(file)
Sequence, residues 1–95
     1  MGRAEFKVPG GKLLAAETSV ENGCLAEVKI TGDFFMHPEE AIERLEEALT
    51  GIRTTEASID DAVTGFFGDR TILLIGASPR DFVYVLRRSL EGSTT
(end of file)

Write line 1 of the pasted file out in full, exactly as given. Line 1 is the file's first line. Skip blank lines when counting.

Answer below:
Sequence, residues 1–95